Search Images Maps Play YouTube News Gmail Drive More »
Sign in
Screen reader users: click this link for accessible mode. Accessible mode has the same essential features but works better with your reader.

Patents

  1. Advanced Patent Search
Publication numberUS6479162 B1
Publication typeGrant
Application numberUS 09/675,394
Publication dateNov 12, 2002
Filing dateSep 29, 2000
Priority dateSep 29, 2000
Fee statusLapsed
Also published asWO2002028962A2, WO2002028962A3
Publication number09675394, 675394, US 6479162 B1, US 6479162B1, US-B1-6479162, US6479162 B1, US6479162B1
InventorsSolomon Bekele
Original AssigneeCryovac, Inc.
Export CitationBiBTeX, EndNote, RefMan
External Links: USPTO, USPTO Assignment, Espacenet
Comprises greater than 50% of a vinylidene chloride polymer having average molecular weight of between 80,000 and 125,000, and less than 50% by weight of a second vinylidene chloride polymer having molecular weight of between 126,000 and 180,000
US 6479162 B1
Abstract
A composition includes greater than 50% by weight such as between 51% and 99% by weight, of a first PVdC copolymer having a weight average molecular weight of between 80,000 and 125,000, and less than 50% by weight, such as between 1% and 49%, by weight of a second PVdC copolymer having a weight average molecular weight of between 126,000 and 180,000, the weight percent of each of the first and second polymers based on the combined weight of the first and second polymers. A film includes at least one layer having the above composition. A film can have at least one layer including a blend of a first vinylidene chloride polymer and a second vinylidene chloride polymer, the film having a free shrink ratio of between 0.6 and 2.2 at a shrink temperature of 180° F., or a free shrink ratio of between 0.8 and 1.4 at a shrink temperature of 200° F. Methods of making the film of the invention are also disclosed.
Images(5)
Previous page
Next page
Claims(6)
What is claimed is:
1. A composition comprising between 55% and 95 by weight of a first vinylidene chloride polymer having a weight average molecular weight of between 80,000 and 125,000, and between 5% and 45% by weight of a second vinylidene chloride polymer having a weight average molecular weight of between 126,000 and 180,000, the weight percent of each of the first and second polymers based on the combined weight of the first and second polymers.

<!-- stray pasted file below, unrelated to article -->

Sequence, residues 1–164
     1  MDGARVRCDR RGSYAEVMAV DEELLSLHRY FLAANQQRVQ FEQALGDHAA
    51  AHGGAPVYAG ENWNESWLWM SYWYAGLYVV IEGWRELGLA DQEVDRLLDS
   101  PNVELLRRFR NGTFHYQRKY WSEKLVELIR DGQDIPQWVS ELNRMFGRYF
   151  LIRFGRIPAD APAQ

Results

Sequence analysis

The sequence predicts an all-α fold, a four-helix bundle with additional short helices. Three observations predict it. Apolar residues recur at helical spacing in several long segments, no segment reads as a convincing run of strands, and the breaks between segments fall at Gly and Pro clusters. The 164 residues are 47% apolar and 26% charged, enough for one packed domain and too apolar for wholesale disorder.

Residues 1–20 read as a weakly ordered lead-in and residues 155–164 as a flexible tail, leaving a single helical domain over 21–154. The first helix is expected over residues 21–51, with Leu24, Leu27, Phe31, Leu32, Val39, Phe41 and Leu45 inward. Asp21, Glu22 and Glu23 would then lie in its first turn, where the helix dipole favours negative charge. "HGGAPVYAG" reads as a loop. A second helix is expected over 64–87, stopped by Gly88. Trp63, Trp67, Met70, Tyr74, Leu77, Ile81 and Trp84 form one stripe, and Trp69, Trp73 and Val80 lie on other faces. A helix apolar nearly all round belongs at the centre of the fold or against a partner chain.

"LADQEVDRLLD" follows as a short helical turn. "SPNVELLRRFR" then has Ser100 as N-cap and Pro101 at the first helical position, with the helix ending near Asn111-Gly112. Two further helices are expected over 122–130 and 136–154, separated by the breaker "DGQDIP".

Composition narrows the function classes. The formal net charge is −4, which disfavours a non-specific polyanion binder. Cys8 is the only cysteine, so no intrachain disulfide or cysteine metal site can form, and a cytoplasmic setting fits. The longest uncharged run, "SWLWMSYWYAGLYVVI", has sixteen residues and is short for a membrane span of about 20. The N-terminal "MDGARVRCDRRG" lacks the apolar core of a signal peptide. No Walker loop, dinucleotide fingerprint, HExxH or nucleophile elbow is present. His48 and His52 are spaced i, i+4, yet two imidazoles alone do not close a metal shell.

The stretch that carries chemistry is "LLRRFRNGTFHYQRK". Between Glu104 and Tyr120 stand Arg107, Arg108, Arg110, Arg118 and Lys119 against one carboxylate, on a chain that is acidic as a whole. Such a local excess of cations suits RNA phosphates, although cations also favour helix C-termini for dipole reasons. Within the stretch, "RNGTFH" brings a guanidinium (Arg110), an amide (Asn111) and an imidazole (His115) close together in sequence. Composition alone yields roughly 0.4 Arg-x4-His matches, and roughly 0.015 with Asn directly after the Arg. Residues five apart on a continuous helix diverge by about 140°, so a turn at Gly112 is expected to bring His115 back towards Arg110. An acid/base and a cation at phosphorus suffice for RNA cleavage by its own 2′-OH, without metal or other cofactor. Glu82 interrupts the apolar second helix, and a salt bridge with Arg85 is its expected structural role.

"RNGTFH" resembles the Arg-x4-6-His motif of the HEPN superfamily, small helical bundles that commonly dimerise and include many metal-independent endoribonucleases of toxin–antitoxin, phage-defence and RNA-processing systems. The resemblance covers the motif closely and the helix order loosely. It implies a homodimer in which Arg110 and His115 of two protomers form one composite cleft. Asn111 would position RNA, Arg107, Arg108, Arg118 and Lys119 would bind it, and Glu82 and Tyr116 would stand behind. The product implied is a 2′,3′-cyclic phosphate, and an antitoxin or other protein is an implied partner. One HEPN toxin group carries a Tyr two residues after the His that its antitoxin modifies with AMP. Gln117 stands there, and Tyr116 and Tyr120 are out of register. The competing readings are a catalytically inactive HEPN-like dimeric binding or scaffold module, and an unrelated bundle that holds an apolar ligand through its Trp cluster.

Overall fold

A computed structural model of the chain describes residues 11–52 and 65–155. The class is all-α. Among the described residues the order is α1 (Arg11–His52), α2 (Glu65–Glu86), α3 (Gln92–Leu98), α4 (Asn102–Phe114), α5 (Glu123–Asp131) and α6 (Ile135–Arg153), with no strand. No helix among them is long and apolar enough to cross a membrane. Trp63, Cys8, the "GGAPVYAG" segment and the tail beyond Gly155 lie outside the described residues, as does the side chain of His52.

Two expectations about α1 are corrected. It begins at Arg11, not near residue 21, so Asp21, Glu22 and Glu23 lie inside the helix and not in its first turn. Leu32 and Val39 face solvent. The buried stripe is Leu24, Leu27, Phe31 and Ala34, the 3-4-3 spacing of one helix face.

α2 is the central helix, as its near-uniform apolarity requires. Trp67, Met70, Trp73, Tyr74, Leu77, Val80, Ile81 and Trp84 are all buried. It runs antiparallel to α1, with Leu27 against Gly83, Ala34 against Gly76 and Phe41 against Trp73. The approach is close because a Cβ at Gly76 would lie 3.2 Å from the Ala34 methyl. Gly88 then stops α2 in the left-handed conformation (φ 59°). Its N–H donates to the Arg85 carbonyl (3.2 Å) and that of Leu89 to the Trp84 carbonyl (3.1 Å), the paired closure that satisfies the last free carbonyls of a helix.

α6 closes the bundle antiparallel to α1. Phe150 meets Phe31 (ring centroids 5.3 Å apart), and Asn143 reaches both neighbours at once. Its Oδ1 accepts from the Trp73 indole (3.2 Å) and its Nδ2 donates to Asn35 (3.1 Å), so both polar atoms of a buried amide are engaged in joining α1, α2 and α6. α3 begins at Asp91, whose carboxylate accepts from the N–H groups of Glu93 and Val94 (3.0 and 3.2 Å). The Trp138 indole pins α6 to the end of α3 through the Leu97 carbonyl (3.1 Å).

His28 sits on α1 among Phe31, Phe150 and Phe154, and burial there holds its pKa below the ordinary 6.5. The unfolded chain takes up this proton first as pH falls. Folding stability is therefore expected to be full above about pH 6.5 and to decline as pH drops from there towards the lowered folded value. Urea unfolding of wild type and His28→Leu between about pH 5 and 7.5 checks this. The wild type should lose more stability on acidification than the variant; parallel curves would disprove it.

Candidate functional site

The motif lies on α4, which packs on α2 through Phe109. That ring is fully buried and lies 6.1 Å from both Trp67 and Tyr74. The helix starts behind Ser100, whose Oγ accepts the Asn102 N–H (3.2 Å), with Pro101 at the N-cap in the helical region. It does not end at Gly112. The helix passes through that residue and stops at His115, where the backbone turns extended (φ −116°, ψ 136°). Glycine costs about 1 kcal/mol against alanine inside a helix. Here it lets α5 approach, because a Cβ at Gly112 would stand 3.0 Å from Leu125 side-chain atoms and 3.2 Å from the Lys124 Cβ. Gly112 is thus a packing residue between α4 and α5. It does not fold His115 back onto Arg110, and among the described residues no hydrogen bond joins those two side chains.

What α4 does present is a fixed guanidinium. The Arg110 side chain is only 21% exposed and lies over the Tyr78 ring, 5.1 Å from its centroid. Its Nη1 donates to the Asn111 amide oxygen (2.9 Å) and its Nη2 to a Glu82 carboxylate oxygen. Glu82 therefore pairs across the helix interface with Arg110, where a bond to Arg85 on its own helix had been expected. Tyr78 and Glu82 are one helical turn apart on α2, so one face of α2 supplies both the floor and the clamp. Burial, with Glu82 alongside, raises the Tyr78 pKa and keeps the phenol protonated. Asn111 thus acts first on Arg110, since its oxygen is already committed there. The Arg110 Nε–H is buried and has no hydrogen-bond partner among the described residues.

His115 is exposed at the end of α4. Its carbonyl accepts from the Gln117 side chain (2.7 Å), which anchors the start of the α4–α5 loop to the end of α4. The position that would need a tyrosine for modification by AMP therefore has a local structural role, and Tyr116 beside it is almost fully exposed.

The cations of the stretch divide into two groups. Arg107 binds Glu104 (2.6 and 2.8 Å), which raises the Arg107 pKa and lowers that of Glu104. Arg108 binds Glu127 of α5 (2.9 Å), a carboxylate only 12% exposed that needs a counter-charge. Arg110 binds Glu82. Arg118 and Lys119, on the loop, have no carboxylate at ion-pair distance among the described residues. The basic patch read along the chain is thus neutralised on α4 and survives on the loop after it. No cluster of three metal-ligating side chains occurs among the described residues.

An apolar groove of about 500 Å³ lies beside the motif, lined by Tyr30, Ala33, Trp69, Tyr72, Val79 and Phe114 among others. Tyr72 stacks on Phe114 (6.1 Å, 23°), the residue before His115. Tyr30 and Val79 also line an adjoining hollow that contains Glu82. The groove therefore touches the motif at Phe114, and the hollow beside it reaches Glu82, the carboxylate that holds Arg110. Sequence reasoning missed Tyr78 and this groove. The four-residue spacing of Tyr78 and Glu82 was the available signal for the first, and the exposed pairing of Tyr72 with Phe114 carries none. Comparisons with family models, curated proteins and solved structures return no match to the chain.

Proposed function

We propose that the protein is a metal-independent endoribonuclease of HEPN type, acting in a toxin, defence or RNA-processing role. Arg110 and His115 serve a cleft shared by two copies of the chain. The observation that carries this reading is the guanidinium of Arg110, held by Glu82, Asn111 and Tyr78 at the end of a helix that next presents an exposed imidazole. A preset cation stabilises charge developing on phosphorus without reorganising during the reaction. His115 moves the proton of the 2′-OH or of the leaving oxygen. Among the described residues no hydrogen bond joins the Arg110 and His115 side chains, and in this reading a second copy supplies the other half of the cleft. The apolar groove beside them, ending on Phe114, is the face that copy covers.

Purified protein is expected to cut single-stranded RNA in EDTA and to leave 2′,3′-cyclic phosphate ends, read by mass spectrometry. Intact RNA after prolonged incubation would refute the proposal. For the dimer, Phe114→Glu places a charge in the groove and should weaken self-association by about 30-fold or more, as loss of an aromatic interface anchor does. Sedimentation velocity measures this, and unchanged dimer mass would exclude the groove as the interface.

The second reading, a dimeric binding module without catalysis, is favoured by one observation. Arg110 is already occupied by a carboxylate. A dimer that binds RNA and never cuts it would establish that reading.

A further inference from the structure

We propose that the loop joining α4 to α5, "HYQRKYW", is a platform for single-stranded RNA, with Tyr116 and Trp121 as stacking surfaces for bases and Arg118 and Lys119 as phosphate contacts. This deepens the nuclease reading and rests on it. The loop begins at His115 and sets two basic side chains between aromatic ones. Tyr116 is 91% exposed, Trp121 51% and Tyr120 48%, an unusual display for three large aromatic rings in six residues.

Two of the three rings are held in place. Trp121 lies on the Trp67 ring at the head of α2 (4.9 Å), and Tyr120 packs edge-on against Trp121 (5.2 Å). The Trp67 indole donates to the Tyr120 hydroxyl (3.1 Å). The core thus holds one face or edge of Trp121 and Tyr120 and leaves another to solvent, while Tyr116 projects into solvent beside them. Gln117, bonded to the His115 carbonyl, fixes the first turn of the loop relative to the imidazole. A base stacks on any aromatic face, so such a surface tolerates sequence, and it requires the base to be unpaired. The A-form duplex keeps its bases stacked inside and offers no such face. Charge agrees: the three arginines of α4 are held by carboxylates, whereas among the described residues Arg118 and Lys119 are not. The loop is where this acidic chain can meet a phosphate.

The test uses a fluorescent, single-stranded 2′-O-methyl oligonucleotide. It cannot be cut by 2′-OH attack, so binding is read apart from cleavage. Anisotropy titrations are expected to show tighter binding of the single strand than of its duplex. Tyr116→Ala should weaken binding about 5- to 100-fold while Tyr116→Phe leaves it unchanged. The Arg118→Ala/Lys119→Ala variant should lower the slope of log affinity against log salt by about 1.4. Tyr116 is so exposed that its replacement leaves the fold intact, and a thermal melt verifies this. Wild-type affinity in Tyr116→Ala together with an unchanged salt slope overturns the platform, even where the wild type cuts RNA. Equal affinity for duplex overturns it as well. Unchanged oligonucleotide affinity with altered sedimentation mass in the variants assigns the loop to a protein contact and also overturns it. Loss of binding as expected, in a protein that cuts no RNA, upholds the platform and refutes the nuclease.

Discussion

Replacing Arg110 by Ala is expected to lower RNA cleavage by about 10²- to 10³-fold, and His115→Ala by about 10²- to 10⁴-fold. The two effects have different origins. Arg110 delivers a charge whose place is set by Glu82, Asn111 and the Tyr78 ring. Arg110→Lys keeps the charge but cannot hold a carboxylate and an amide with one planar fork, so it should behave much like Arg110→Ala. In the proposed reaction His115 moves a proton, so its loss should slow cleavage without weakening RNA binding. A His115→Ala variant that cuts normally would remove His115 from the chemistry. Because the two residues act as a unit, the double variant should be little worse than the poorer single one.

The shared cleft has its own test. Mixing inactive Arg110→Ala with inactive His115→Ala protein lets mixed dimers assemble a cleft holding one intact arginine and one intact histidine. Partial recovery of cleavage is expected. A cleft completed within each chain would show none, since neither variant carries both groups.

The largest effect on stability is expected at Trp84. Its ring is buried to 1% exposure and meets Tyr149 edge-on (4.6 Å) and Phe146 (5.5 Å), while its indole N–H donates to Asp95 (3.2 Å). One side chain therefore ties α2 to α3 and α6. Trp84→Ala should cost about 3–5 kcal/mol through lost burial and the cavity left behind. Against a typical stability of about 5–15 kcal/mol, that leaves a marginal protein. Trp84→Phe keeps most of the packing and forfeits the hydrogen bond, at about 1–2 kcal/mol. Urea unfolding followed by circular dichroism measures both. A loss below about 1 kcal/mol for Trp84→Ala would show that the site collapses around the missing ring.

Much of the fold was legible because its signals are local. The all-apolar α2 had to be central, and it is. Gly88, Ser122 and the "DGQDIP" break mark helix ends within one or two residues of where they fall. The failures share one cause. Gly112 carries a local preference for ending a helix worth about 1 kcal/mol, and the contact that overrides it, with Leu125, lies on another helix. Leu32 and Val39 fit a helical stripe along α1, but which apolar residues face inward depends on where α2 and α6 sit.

2. A film comprising;
a) a first layer comprising an olefinic polymer or copolymer; and
b) a second layer comprising a composition having greater than 50% by weight of a first vinylidene chloride polymer having a weight average molecular weight of between 80,000 and 125,000, and less than 50% by weight of a second vinylidene chloride polymer having a molecular weight of Keen 126,000 and 180,000, the weight percent of each of the first and second polymers based on the combined weight of the first and second polymers.
3. The film of claim 2 wherein the olefinic polymer or copolymer comprises an ethylenic polymer or copolymer.
4. The film of claim 2 wherein the ethylene polymer or copolymer comprises a material selected from low density polyethylene, medium density polyethylene, high density polyethylene, ethylene/alpha-olefin copolymer, ethylene/vinyl acetate copolymer, ethylene/alkyl acrylate copolymer, ethylene/(meth)acrylic acid copolymer, ionomer, propylene homopolymer and copolymer, and butylene homopolymer and copolymer.
5. A biaxially oriented film comprising at least one layer comprising a blend of a first vinylidene chloride polymer and a second vinylidene chloride polymer, the film having a free shrink ratio of between 0.6 and 2.2 at a shrink temperature of 180° F.
6. A biaxially oriented film comprising at least one layer comprising a blend of a first vinylidene chloride polymer and a second vinylidene chloride polymer, the film having a free shrink ratio of between 0.8 and 1.4 at a shrink temperature of 200° F.